Standard Interpretations - Table of Contents|
| Standard Number:||1926.451; 1926.451(f)(16); 1926.450|
April 21, 2004
Mr. Davy Passucci, PE
Safespan Platform Systems, Inc.
252 Fillmore Avenue
Tonawanda, NY 14150
Re: Composition, span, and deflection of underslung bridge scaffold platform systems; §1926.451(f)(16)
Dear Mr. Passucci:
This is in response to your letter dated July 14, 2003, to the Occupational Safety and Health Administration (OSHA), asking for clarification on OSHA's construction industry standards as applied to under-bridge type scaffold platform systems. We apologize for the delay in responding.
We have paraphrased your questions as follows:
Question (1): We manufacture the Safespan Multi-Span Bridge Platform System ("Platform System"), which is used to form a temporary work surface for work beneath a bridge. The Platform System is suspended from the underside of the bridge by cables. The rigid platform deck, which is made of steel, is supported by cables slung beneath it.
Title 29 CFR 1926.451(f)(16) Subpart L "Scaffolds" requires that a scaffold platform not deflect more than 1/60 of the span when loaded. In the context of this type of system, what does "the span" refer to?
We have illustrated the scenario you describe, as we understand it, as follows:
Title 29 CFR 1926.451(f)(16) states:
Platforms shall not deflect more than 1/60 of the span when loaded.Section 1926.450 does not define the term "span," nor does it specify a method for calculating the span.
This provision was drafted to address specific hazards present in traditional scaffold platforms, which typically are made of wood planks or are fabricated, rigid units. The preamble for Subpart L states that:
Final rule paragraph (f)(16) provides that platform units shall not deflect more than 1/60 of the span when loaded. This provision ...is intended to limit the amount platform units can deflect under load without becoming overstressed and without their ends being pulled from their supports.1 Section 1926.451(f)(16) is intended to serve as a visual benchmark of the safe structural limits of the platform. In addition, when the deflection exceeds the provision's requirement, there is a greater likelihood of a platform's ends pulling away from the supports.
In construction scaffolds, the word span typically refers to the length of a rigid-type scaffold platform, measured between the structural supports.2 In a supported scaffold, the span would be the distance between the scaffold framing members that hold up the platform (or, where there is a cantilever, the distance from the last point of support). In a two-point suspension scaffold, the span would be the distance between the points at which the cables attach to the platform structure.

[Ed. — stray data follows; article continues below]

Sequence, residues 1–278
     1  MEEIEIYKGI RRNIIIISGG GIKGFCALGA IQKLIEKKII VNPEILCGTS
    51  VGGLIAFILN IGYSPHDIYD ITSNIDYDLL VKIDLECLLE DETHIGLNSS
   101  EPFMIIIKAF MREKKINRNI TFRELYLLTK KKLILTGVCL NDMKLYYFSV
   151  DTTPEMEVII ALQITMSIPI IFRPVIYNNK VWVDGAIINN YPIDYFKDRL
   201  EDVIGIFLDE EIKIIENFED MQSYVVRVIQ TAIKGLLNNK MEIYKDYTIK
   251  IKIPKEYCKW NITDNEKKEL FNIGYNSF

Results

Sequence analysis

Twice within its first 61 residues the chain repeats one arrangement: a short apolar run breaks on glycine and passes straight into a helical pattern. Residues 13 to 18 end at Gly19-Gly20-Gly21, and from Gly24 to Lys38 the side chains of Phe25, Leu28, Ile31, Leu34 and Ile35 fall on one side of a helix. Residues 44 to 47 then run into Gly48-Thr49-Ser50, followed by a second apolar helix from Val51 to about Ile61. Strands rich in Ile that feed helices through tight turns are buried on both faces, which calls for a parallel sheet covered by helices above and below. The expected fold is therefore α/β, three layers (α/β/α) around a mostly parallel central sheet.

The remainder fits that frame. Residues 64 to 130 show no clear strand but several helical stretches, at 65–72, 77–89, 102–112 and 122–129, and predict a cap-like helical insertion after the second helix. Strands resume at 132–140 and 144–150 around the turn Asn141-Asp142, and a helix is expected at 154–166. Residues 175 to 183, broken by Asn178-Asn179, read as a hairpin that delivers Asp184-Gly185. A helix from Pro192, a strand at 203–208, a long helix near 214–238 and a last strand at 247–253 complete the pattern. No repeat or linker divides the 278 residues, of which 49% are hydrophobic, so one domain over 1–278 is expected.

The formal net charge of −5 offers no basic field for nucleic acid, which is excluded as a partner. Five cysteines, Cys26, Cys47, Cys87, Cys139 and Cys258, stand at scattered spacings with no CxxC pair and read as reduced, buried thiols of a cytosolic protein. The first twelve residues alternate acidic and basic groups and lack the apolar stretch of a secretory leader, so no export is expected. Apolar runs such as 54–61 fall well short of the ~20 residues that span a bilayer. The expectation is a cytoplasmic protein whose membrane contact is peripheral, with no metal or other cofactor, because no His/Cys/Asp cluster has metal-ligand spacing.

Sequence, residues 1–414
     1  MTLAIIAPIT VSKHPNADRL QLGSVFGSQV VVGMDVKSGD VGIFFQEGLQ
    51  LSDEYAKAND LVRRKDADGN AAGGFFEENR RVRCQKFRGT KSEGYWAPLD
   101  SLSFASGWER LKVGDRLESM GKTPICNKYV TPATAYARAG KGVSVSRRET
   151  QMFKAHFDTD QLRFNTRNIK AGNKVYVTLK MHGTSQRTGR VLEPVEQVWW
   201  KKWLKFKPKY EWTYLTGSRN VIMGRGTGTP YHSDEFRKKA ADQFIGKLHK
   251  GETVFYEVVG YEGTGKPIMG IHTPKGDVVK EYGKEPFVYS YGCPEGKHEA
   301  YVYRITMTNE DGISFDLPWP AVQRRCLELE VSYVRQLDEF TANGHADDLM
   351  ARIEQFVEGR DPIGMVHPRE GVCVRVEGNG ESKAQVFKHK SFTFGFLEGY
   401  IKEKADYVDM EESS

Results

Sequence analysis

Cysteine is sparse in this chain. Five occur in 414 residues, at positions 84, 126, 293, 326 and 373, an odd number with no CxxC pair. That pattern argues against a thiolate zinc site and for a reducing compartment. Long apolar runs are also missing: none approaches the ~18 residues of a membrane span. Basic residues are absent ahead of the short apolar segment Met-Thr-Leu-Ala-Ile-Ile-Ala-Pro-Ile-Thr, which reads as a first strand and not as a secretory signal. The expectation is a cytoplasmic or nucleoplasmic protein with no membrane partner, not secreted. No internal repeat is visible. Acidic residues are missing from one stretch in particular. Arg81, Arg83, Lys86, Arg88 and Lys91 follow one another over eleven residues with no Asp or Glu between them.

In the case of the Platform System, the horizontal cables slung beneath the steel platform material are the equivalent of horizontal bearers in a supported scaffold. In light of the purpose of 1926.451(f)(16), "span" in this context refers to the distance between the horizontal cables.
However, for reasons described to the answer below to Question 2, the failure to meet the §1926.451(f)(16) requirement for non-wood platforms used in this type of scaffold system would be, in certain circumstances, a de minimis violation.3
Question (2): Is the requirement in 29 CFR 1926.451(f)(16) applicable to this type of scaffold system if the platform is made of a flexible material?
As discussed in Question 1, §1926.451(f)(16) was promulgated based on the use of rigid-type platforms used in traditional scaffolding designs.4 However, in under-slung bridge scaffolds of the type you have described, the platform is made of long sections of interlocking decking material. In addition, the platform is supported by, and attached to, a grid of horizontal (and vertical) cables. As we understand it, in at least some of these systems, because the material (and the grid itself) is inherently more flexible, a deflection greater than 1/60th of the span is (1) not indicative of an impending failure of the platform, and (2) would not cause the platform to pull away from its supports.
Therefore, in this type of under-slung grid system, which incorporates an engineered, non-wood based platform secured to the grid, as long as the employer can show that the platform was designed to deflect more than 1/60th of the span, and that a deflection greater than 1/60th would not threaten the platform's structural integrity or cause any other failure, the failure to meet the 1926.451(f)(16) would be a de minimis violation.
If you need additional information, please contact us by fax at: U.S. Department of Labor, OSHA, Directorate of Construction, Office of Construction Standards and Guidance, fax # 202-693-1689. You can also contact us by mail at the above office, Room N3468, 200 Constitution Avenue, N.W., Washington, D.C. 20210, although there will be a delay in our receiving correspondence by mail.
Russell B. Swanson, Director
Directorate of Construction
1 61 FR 46104. [ back to text ]
2 Note that the Construction Dictionary, 9th Edition, Greater Phoenix, Arizona Chapter of The National Association of Women in Construction, p. 496 (1996), defines span as: "the clear horizontal distance between structural supports, as those of a bridge . . . ." [ back to text ]
3 Under OSHA's de minimis policy, de minimis violations are those which have no direct or immediate relationship to safety or health. Consequently, no citation is issued. [ back to text ]
4 We note that the language in 29 CFR 1926.451(f)(16) is similar to the language used in paragraph 220.127.116.11 of ANSI A10.8-1988 "Scaffolding - safety requirements," which states that "[w]ood scaffold planks shall be designed so that the deflection, at the center, at design load, does not exceed the span divided by 60." [Emphasis added.] [ back to text ]
Standard Interpretations - Table of Contents|